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Chef Alex Chang

Updated: Dec 19, 2019

Within the Freehand Hotel in Downtown Los Angeles, Alex Chang, executive chef of ‘The Exchange’ defines the modern-day chef. Self-taught, Alex gained recognition while attending USC, where he and his roommate began hosting dinner parties. The duo would charge a small fee for a three-course dinner, rapidly maturing into 60 covers a night. This underground restaurant gained so much attention that a filmmaker covered the story in a Tribeca Film Festival premiered documentary. Seemingly overnight, the restaurant-world would become Alex’ oyster.




With rising minimum wage and high rents, the cost of running a restaurant in LA has become almost prohibitively expensive). How are you making it work?

There’s no way around that cost, so extreme discipline and constant monitoring of the cost is the only way.

This business allows no error, so you need to have a very strong vision of the concept you want to create and build a thought-out labor and cost structure around it – and then stick to it.

Supplementing the restaurant with a strong bar helps balance out some of the high cost from the restaurant operation, too.

If someone approaches me with a vacant restaurant space, I make sure that footfall and real traffic is already in place at that location. Opening a restaurant in a new location and hoping for traffic to build up after that is too risky with such a high operating cost.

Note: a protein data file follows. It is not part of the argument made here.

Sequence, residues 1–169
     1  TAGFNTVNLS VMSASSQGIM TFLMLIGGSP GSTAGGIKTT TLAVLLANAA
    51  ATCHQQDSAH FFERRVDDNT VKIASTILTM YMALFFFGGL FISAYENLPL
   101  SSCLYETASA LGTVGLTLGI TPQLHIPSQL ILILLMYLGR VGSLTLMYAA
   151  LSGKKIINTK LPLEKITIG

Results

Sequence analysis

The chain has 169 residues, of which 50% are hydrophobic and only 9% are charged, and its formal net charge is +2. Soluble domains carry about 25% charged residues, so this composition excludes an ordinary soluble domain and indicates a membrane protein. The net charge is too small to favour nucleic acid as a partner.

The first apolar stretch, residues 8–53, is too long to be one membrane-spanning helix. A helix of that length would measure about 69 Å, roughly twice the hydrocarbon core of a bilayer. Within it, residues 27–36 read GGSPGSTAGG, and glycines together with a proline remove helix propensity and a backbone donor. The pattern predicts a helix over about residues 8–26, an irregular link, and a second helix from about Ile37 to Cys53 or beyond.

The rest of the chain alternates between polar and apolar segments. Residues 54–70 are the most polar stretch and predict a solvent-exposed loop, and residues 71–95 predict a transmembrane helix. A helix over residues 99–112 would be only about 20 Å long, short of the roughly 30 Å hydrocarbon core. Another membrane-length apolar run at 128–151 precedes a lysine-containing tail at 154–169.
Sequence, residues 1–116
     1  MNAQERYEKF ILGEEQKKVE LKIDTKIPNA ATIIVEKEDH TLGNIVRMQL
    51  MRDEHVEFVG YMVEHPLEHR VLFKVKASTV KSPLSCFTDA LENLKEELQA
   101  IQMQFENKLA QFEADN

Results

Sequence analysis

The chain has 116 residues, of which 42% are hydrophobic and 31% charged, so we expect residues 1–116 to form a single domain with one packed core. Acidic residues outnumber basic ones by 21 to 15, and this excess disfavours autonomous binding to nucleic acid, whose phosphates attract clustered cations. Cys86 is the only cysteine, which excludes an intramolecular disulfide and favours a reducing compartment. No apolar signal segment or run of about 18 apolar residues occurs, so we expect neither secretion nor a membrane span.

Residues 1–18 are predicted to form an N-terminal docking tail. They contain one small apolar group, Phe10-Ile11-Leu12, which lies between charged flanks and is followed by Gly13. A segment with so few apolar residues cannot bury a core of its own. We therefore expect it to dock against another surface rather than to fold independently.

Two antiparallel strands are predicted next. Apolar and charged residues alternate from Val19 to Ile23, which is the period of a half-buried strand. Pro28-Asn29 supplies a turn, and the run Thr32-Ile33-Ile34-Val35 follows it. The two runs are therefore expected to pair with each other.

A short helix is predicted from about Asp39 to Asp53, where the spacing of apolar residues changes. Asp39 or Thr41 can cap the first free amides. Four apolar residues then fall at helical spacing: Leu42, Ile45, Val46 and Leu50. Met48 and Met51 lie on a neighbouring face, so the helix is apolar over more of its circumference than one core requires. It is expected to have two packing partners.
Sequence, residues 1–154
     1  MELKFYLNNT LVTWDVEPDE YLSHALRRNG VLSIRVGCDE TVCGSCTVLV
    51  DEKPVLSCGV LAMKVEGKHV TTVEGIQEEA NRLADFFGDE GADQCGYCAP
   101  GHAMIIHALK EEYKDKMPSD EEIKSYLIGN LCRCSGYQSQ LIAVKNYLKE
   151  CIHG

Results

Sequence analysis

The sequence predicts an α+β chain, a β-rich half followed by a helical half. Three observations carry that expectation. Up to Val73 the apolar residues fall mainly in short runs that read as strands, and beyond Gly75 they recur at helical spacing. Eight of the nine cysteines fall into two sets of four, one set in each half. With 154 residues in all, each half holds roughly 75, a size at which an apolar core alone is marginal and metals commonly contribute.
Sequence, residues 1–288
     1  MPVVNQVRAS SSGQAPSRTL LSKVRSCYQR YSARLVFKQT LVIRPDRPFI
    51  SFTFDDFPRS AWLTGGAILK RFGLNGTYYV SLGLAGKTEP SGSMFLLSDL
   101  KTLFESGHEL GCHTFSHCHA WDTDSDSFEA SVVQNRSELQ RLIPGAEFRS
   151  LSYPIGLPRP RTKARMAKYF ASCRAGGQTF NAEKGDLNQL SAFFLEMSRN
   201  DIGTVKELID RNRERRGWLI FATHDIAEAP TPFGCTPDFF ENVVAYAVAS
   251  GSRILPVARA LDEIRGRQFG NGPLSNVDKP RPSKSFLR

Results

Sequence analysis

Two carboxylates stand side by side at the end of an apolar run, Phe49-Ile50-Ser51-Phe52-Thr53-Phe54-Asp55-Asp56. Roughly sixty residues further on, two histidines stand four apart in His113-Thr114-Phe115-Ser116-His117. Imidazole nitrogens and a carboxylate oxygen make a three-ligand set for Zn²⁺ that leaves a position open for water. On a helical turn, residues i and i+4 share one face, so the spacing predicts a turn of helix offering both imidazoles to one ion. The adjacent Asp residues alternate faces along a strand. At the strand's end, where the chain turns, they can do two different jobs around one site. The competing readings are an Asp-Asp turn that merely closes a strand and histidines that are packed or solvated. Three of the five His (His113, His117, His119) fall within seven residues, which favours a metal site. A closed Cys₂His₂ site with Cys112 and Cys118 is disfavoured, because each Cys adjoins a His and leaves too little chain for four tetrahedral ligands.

If you could make one request to real estate / hotel companies, what would the ideal collaboration look like for you to be able to run a restaurant sustainably?

A unified vision is extremely important. What are the driving factors behind what we’re doing? Is it to create a beautiful restaurant space and great food? Are we trying to create added value for other tenants within the same building such as a hotel? Or is it merely to maximize profits?


What is your number one challenge when working out a deal with hospitality or real estate companies?

From my experience, real estate companies don’t have an understanding of how the process of building a sustainable restaurant brand and concept works. Often, the suggested rent structures don’t allow for organic growth, or they suggest ideas like moving a restaurant to a temporary location during construction. They don’t see that while it might work for a traditional retail store, it could kill a restaurant.

Modern hotel groups and lifestyle brands on the other hand understand how to make a restaurant become a part of the hotel and integrate the restaurant concept in a way that it enhances the hotel concept.


What’s your next project and your professional long-term plan?

I have a few great concept ideas stored in the back of my head and constantly see places and learn about ingredients that fuel my imagination. Currently, I am very interested in experimenting with Japanese cuisine. Even though there is no concrete plan for a next restaurant, I would love to build a company that allows me to open more restaurant and bar concepts in the future.

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